School Board addresses hazing allegations involving Desert Hills High cheerleaders

ST. GEORGE — During a public meeting Tuesday, the Washington County School Board addressed recent allegations of a hazing incident involving cheerleaders from Desert Hills High School.

The incident, which took place in June, involved multiple cheerleaders taking younger cheer team members into a room one-by-one before having them lie on the ground with a pillow over their faces. The older girls instructed the new recruits to do a sit-up as quickly as possible when the pillow was removed.

While the girls were lying on the ground, the older girls rubbed a red substance — which team members have now said was lipstick – on their bare bottoms as they squatted over the unknowing teammates.

Video clips of the incident recorded by older girls show the younger girls sitting up quickly, their faces hitting the older teens’ buttocks and transferring the red substance onto their faces.

The school board issued a statement Tuesday afternoon, addressing the incident and reaffirming the district’s zero-tolerance stance:

We are saddened by the recent incident of hazing. Please let there be no question that we will hold and reinforce a zero tolerance of hazing in any of our schools. We are concerned about the culture at our schools. It is apparent that there has been a de-sensitizing of parents and students over the years that has led to an acceptance of these types of behaviors. Let us be very clear: initiation proceedings of this nature are not acceptable and need to stop immediately.

We are inviting our parents to take a stand with us and say ‘no more.’ We are unanimous in the hope that when students and parents know of these activities they come forward, and we will support them. We have an obligation to educate students, faculty and parents in order to create a culture of zero tolerance of hazing in any form.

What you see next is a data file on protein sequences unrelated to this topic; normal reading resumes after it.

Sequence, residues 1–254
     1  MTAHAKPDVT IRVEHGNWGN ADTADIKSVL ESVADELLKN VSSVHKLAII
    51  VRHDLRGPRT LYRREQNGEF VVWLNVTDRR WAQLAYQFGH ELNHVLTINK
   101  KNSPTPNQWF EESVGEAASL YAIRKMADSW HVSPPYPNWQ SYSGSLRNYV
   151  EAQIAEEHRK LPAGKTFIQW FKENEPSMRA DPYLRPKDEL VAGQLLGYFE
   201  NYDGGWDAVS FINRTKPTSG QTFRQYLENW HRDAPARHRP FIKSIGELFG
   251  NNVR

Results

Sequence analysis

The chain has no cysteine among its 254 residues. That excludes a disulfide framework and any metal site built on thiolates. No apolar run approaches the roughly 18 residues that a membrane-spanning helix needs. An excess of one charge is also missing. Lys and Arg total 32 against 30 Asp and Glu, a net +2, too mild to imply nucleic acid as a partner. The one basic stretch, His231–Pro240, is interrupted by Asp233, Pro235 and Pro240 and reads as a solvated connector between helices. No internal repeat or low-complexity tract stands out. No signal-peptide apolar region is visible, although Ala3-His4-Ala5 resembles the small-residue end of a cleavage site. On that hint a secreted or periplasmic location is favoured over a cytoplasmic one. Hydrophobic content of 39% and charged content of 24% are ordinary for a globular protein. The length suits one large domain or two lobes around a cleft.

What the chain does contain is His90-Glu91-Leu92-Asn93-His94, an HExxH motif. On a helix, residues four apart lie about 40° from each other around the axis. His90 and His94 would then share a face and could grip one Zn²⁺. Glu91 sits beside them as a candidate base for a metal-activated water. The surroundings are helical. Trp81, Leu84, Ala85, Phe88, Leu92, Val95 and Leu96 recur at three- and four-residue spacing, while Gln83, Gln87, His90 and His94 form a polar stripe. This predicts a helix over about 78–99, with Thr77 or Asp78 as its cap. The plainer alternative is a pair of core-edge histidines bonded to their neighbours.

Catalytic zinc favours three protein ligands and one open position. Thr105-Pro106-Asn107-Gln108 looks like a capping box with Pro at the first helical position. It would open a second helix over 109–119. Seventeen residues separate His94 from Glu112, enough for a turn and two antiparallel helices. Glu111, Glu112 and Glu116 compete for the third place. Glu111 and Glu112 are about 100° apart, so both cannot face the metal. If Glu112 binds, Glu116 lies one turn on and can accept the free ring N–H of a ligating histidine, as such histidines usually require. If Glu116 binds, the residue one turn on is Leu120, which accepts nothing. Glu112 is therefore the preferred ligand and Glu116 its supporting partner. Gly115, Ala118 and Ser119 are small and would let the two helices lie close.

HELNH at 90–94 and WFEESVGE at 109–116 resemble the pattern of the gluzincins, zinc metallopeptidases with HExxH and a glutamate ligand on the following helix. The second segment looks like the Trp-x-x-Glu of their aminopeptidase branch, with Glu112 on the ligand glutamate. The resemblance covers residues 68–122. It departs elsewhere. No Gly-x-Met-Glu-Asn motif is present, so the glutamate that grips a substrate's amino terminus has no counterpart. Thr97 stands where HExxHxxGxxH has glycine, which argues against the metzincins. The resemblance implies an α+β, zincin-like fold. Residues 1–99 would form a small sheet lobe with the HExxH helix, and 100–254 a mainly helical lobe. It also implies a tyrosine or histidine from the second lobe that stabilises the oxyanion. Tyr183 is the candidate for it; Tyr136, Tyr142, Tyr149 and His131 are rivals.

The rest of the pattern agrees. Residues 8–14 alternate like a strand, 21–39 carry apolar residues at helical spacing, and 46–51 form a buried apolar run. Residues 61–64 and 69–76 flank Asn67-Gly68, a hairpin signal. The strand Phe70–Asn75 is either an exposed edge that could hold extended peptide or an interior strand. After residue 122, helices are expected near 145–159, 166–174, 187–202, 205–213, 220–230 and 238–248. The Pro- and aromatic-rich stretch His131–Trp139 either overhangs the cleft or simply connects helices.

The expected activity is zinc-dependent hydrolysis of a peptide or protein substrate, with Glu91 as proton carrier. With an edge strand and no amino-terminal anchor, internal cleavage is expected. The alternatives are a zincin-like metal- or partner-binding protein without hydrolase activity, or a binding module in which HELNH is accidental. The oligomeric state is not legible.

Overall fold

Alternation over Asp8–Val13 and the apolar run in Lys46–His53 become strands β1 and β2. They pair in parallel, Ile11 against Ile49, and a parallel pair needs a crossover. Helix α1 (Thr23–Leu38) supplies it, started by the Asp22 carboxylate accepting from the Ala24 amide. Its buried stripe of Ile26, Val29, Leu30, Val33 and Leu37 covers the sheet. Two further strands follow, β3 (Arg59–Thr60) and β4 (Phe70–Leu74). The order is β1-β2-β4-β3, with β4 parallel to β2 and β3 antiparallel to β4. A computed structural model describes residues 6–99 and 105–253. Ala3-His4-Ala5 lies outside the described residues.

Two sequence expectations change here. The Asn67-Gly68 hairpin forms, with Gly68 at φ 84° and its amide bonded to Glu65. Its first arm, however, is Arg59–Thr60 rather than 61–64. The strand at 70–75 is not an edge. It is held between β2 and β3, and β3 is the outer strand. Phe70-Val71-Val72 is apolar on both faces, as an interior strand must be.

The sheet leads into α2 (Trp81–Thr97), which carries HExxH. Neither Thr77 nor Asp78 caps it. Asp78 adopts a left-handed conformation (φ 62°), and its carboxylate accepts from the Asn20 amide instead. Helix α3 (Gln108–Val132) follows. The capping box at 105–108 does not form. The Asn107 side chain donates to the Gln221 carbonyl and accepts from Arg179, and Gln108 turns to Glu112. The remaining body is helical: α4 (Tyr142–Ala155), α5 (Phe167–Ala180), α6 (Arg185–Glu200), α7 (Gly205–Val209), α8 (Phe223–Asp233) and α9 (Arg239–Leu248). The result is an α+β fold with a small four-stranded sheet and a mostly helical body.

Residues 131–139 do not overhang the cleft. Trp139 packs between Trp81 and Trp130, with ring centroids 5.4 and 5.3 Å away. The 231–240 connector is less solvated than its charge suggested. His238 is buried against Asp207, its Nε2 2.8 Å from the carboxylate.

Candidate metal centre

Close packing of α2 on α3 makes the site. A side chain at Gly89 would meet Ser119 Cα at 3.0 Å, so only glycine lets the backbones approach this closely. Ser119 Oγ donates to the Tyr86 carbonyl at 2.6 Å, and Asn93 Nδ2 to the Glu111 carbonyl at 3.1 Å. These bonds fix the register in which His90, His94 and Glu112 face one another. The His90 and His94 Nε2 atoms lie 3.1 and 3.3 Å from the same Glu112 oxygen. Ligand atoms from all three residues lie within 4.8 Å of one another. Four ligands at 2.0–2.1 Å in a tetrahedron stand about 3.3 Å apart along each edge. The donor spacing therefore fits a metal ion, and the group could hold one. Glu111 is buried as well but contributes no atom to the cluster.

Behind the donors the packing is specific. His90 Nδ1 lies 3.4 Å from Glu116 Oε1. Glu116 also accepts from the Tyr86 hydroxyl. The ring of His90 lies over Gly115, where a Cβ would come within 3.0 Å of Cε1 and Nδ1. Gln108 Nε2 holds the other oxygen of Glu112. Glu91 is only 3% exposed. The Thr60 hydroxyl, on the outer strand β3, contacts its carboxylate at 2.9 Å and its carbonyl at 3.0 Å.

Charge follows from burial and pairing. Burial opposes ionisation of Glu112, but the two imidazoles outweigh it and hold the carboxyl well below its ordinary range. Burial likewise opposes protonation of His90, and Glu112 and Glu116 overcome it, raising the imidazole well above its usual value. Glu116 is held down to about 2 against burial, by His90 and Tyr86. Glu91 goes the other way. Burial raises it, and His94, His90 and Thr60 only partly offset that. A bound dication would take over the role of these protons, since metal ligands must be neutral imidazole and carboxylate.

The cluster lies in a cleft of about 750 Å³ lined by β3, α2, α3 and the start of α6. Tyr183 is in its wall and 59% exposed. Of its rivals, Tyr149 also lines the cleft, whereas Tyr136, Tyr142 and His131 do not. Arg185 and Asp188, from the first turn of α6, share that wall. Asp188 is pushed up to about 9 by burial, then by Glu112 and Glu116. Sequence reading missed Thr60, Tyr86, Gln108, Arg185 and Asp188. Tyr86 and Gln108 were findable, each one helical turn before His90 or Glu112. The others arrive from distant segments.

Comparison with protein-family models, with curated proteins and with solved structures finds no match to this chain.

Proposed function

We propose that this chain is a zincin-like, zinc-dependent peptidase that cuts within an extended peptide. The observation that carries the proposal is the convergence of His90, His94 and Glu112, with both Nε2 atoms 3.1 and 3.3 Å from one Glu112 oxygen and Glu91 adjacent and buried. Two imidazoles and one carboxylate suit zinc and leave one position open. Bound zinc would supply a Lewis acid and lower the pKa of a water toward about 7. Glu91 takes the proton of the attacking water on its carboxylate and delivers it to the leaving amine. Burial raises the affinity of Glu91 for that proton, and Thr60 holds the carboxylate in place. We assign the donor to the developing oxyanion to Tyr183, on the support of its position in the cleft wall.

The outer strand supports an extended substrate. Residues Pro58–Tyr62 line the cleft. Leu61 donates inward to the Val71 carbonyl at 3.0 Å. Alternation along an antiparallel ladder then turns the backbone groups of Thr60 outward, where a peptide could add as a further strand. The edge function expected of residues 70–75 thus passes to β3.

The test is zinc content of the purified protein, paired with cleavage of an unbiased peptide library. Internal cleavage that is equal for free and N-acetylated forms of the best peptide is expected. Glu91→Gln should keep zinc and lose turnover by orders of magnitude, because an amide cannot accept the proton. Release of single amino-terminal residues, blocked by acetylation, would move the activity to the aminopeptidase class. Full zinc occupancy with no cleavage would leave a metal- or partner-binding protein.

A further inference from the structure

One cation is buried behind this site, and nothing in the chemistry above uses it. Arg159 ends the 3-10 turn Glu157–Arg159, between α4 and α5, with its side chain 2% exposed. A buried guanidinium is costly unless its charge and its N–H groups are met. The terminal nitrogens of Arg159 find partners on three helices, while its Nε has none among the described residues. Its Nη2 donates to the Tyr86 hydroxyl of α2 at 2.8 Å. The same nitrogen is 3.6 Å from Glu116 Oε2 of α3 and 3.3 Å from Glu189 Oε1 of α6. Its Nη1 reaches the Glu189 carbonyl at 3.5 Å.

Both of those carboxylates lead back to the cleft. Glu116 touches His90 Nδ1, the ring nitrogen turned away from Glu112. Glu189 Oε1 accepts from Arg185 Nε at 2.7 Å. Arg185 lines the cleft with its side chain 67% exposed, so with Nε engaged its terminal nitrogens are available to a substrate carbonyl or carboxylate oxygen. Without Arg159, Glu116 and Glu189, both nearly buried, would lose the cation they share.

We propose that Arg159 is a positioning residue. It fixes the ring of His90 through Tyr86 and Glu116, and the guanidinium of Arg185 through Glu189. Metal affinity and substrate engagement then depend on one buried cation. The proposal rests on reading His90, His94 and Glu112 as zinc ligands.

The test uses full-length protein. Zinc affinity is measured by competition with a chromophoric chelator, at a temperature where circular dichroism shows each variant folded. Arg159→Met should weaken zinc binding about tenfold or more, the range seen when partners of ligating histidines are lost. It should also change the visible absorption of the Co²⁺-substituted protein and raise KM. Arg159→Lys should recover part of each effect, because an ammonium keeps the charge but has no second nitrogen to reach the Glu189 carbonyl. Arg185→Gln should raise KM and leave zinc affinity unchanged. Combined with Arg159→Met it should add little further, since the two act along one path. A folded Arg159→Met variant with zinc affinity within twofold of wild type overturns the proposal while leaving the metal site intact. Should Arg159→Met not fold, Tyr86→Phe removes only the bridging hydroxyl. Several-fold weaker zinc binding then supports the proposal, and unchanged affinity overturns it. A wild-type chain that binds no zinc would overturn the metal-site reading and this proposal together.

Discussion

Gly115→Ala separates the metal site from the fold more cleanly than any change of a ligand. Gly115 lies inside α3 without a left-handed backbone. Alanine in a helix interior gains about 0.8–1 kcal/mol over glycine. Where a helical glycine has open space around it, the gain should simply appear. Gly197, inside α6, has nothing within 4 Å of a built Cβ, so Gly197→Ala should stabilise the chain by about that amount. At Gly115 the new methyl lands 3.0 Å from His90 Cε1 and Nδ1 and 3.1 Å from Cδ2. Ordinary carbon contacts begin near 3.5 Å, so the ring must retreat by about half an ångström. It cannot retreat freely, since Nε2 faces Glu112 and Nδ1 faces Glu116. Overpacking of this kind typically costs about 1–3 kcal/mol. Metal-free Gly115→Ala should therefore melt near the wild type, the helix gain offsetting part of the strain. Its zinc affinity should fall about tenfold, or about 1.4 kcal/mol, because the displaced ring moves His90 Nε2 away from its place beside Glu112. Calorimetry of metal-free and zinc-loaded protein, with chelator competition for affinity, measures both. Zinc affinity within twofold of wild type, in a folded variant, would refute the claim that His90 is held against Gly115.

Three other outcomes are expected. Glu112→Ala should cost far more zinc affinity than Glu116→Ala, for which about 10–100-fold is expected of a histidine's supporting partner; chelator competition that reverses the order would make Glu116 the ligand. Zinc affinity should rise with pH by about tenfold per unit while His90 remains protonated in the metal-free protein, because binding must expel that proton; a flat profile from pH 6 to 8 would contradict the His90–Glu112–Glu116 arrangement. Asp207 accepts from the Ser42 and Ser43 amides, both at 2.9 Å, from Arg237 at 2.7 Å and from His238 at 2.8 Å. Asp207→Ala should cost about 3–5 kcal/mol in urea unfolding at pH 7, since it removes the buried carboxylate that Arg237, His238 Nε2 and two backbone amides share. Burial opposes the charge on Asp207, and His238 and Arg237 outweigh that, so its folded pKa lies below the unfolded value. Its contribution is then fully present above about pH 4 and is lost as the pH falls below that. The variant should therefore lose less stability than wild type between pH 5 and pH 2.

Washington County School District Communications Director Steve Dunham said further investigation has uncovered that “a disgruntled parent” had used the footage to make a “series of threats and use intimidation against other parents of team members.”

The Washington County School Board addresses the audience during a scheduled meeting, St. George, Utah, Sept. 10, 2019 | Photo by Ryann Richardson, St. George News

According to Dunham, the parent had the footage since June and “held onto it until apparently the timing was best for him.” Dunham called the parent’s actions heart-breaking and frustrating, adding that there needs to be a culture shift, not only among students, but also for parents.

Superintendent Larry Bergeson said he values the parents who have placed their trust in the educators and administrators throughout the district and appreciates that they’re “not afraid to question us about what we are doing to make sure our students are cared for and safe.”

Bergeson echoed the sentiments of the board, adding that the district is using this incident as a teaching moment for students, faculty and parents.

“The character is every bit as significant and important to us as test scores — making sure the morals, values, ethics and character are taught,” he said. “We will do what is necessary and whatever it takes to make sure our students and our staff understand what they need to do to be contributing, caring citizens in this community or any community in which they live.”

Dunham said he could not comment on possible disciplinary actions the older team members could be facing, but individuals familiar with the incident say the team members who allegedly perpetrated the hazing have since been suspended.

Copyright St. George News, LLC, 2019, all rights reserved.

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